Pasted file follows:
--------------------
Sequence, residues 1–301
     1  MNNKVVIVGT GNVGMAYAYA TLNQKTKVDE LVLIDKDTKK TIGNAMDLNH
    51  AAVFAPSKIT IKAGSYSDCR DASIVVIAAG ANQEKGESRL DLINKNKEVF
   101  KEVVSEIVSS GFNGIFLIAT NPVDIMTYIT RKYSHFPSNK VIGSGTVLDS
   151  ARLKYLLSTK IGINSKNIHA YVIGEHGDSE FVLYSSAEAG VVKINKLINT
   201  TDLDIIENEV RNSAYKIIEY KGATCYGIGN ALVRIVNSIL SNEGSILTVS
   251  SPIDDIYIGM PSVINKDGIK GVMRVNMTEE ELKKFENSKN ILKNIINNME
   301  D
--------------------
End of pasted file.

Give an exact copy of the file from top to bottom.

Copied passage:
Sequence, residues 1–301
     1  MNNKVVIVGT GNVGMAYAYA TLNQKTKVDE LVLIDKDTKK TIGNAMDLNH
    51  AAVFAPSKIT IKAGSYSDCR DASIVVIAAG ANQEKGESRL DLINKNKEVF
   101  KEVVSEIVSS GFNGIFLIAT NPVDIMTYIT RKYSHFPSNK VIGSGTVLDS
   151  ARLKYLLSTK IGINSKNIHA YVIGEHGDSE FVLYSSAEAG VVKINKLINT
   201  TDLDIIENEV RNSAYKIIEY KGATCYGIGN ALVRIVNSIL SNEGSILTVS
   251  SPIDDIYIGM PSVINKDGIK GVMRVNMTEE ELKKFENSKN ILKNIINNME
   301  D